By Arthur Sibanda  |  2 November 2021  |

Ubuntu is a Nguni Bantu term meaning, literally, “humanity.” But it has a broader understanding. It can be read as ”I am because we are,” or ”humanity towards others”—that is to say, a belief in a universal bond that connects us all. 

I believe that the traditional spiritual principle of ubuntu (or unhu in Shona languages) fits neatly with the foundational tenets of Christianity. 

Ubuntu as God’s image

Creation accounts differ from culture to culture, yet all begin with the notion of a Divine origin of humanity. Our African ancestors were keen observers of reality and nature. They had a rich religious perspective too. Southern African communities trace their beginnings to a creation event where the ”Umdali” (literally, the one who can create) or ”Mwari” (the Supreme Being) made the first humans. It is from their understanding of a Divine creation that African communities developed the philosophy and principle of ubuntua recognition of the higher level of the life of human beings, in contrast to other creatures or lower life forms. 

Ubuntu recognizes that humans are endowed with a higher level of existence than other creatures. We have an inherent uniqueness, which in the ubuntu philosophy could be translated as ”personhood”. Personhood is not merely personality—we may reasonably argue that donkeys, monkeys and dolphins have personalities too. Ubuntu personhood is the recognition that one needs to behave in the best interest of the human race, to which he or she is existentially accountable. We exist together and we are part of each other. We are also part of this larger world beneath us: the creatures and environment that God made us responsible for (Genesis 1:28).

This harmonizes perfectly with humanity being created in God’s image (Genesis 1:26-28) and being given oversight of the world. Ubuntu can be understood as Africans’ recognition of the image of God in humanity, which reflects the essence of God’s nature and character. 

Ubuntu and community

Ubuntu goes beyond individual personhood, though, to a sense of our collective personality and identity. If we have the same God-modeled personhood, then we share a common existence and interconnectedness. Humanity exists as a complete system, more like a living organism composed of different components or body parts (1 Corinthians 12:12-26).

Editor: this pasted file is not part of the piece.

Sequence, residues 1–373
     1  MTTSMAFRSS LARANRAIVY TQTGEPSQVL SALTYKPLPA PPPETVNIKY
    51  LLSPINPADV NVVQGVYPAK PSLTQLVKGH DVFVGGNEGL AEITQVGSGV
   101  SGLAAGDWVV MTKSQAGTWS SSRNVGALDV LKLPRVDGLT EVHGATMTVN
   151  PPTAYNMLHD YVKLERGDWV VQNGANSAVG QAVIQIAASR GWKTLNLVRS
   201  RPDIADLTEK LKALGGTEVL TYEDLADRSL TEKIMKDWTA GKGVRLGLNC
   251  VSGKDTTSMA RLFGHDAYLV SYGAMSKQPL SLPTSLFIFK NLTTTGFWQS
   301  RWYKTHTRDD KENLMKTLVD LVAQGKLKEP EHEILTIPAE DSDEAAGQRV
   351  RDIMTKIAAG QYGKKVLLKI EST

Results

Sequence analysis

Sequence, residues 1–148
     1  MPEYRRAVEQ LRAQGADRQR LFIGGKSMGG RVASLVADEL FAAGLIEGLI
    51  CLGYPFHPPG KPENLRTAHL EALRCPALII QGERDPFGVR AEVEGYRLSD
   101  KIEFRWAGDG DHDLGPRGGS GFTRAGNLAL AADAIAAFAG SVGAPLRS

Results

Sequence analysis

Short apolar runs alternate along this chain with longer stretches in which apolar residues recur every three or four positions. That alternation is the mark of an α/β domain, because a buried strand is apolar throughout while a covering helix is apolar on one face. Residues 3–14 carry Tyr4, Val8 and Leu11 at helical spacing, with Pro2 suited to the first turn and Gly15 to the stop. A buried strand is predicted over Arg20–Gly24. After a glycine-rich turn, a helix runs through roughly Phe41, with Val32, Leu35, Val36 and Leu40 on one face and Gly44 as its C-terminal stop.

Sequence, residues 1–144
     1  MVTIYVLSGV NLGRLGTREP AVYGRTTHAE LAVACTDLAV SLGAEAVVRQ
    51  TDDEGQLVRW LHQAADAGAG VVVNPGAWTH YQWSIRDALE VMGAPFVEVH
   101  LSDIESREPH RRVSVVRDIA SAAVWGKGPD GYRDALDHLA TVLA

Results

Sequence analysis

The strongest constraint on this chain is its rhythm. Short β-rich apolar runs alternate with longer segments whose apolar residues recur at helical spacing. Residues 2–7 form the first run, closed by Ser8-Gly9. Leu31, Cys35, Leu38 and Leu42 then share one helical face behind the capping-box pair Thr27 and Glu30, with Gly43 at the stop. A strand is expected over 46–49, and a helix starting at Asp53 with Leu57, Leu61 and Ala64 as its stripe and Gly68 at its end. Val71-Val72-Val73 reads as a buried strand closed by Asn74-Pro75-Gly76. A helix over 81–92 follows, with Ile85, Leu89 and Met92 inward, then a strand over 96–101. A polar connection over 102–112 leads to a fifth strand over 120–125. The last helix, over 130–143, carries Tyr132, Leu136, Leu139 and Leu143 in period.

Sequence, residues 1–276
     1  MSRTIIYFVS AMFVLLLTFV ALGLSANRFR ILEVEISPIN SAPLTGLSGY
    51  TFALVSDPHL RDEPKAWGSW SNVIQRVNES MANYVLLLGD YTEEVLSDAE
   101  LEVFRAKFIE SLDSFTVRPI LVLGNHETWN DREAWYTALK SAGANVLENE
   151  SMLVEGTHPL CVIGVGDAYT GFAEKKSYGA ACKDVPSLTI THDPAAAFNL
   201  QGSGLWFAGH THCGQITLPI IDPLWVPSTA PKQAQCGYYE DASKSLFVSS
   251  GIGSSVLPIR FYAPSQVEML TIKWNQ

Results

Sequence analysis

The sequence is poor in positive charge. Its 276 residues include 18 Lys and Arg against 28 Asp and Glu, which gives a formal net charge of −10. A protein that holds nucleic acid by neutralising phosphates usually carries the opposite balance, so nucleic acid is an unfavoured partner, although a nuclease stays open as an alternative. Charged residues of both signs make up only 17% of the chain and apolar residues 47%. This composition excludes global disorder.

In Africa this concept is enshrined in the psychology of African community life. The foundational existential questions (Who am I? Where do I come from? Where am I going? What should be doing now?) find meaning and fulfillment in the realization that we share common origins from the Supreme Being’s hands. We find meaning, purpose, fulfillment and direction as we understand that we exist together and for one another.

Evolution with its ”survival of the fittest” principle is at variance with ubuntu. Evolution ascribes our existence to chance. Here, humans are merely advanced primates. From this malignant philosophy emanates racism, sexism, capitalism and all other isms that encourage self-centeredness, selfishness and exploitation. 

Ubuntu and love

I believe this African philosophy fits hand in glove with the state of existence before sin emerged. “Whoever does not love does not know God, for God is love” says John (1 John 4:8). In the Bible the Supreme Being is the source and epitome of love. He does not exist for Himself, for love by nature is not self-seeking (1 Corinthians 13:4,5). The hallmark of God is giving of His essence to sustain all that which exists. 

At the beginning, before sin emerged, there existed a continuous flow of love from the Supreme Being’s heart flowing to all that He created, and returning from His creation back to Him. This, too, is ubuntu: everything exists as part of the larger whole, intricately connected to others through the principle of self-sacrificing love.